So, you’ve made the grades and got into your choice university overseas, you’ve made the necessary visa arrangements and spent countless hours Googling all you need to know to ensure your study abroad experience runs smoothly.
But now you’ve got the serious stuff out the way – like sorting out your bank accounts and student accommodation – and have a moment to take a breather, you might well wonder how exactly can I make the most out of my study abroad experience?
For many, studying abroad is a once-in-a-lifetime opportunity that means investing a big chunk of money saved over a period of years – or years of hard work that culminated in a scholarship – and they want to make the most of their time abroad.
Here are some ideas to make the most of it:
Set goals for yourself
Studying and navigating your way in a foreign country, as well as getting used to new cultures, accents and foods is undoubtedly daunting. But rather than letting fear and anxiety hold you back, remember that you’re in a new place where nobody knows you.
Don’t feel too self-conscious to do things once you get there, such as taking ‘corny’ pictures in places the locals take for granted, striking up conversations with people to improve your command of the local language or even walking around rather than taking the bus so you can soak up the landscapes.
Put yourself out there – set goals for yourself on things you’d like to do so you won’t have a sense of regret once it’s time to leave.
Volunteering is not only a great way to do some good, it’s also a great way to network and build your skills outside the classroom.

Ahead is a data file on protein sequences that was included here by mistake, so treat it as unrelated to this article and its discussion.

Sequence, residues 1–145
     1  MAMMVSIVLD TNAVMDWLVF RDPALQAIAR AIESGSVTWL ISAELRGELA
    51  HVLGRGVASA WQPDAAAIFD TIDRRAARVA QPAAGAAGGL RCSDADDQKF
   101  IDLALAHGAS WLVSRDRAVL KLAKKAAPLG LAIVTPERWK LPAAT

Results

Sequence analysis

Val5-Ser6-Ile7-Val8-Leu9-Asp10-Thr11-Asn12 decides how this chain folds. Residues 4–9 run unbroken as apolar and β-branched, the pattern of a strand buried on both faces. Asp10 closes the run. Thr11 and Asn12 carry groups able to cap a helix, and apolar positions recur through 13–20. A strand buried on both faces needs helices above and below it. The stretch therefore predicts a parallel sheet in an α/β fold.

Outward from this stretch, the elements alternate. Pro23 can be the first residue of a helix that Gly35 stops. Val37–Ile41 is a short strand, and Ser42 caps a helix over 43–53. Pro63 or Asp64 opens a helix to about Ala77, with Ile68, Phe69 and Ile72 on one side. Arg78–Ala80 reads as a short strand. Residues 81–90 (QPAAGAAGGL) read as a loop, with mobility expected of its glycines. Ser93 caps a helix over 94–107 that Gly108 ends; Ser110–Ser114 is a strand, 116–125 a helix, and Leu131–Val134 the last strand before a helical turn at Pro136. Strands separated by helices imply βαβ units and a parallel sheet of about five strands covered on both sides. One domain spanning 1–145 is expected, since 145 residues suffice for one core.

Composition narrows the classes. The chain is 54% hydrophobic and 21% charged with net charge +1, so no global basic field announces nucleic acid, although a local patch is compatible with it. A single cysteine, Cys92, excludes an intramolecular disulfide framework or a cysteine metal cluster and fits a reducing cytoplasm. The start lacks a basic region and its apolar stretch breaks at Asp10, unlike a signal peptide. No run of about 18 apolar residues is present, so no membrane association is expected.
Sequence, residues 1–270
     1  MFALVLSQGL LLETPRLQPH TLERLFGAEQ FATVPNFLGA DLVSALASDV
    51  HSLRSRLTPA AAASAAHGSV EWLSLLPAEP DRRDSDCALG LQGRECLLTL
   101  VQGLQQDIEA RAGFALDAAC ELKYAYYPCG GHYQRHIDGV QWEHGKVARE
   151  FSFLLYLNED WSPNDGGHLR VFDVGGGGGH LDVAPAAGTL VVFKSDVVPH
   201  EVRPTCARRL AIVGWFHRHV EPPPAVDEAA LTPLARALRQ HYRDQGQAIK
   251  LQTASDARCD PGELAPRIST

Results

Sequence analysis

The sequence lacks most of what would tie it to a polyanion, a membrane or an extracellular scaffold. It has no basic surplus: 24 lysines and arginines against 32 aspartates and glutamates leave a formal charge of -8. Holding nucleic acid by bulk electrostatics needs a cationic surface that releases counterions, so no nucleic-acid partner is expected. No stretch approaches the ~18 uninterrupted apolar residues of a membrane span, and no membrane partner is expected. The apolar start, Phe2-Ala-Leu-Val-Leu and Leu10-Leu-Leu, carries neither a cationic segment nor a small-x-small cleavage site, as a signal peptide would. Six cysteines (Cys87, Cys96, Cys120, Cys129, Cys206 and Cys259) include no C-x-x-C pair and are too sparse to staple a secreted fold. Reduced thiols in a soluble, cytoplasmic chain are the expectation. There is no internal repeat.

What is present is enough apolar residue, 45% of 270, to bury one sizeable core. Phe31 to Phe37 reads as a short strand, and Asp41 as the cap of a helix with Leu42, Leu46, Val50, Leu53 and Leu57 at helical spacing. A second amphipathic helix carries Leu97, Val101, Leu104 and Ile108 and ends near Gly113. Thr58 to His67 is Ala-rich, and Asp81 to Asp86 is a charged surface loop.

By volunteering, you’ll come into contact with locals from diverse backgrounds, encouraging you to keep an open mind about people, learn about their social mores and become a global citizen, a crucial skill in our increasingly interconnected world.
According to research, people who spend their money on experiences rather than material things are happier. However, this doesn’t mean spending beyond your means and blowing money at the pub or splashing out on shiny new gadgets.
Instead, why not consider travelling – if your budget permits it – before you graduate and get stuck in a rut of work and commitments?
For example, if you’re studying in Europe, travelling to neighbouring countries can be relatively affordable. You may want to make the most out of your time abroad by saving diligently so you can travel with your friends during your semester breaks.
It’s tempting to only socialise with students from your native country as there’s comfort in familiarity. After all, you’ll feel less overwhelmed when in the presence of others who speak the same language as you, who share similar cultures and relate to the things.
One thing that can make your study abroad experience more fulfilling is connecting with local and other international students to improve your understanding of other cultures and viewpoints but who knows – you may also make a friend for life.
So join more societies, say ‘Hello’ to the classmate sat next to you and attend more events. No one said making friends is easy, but the effort will be worth it.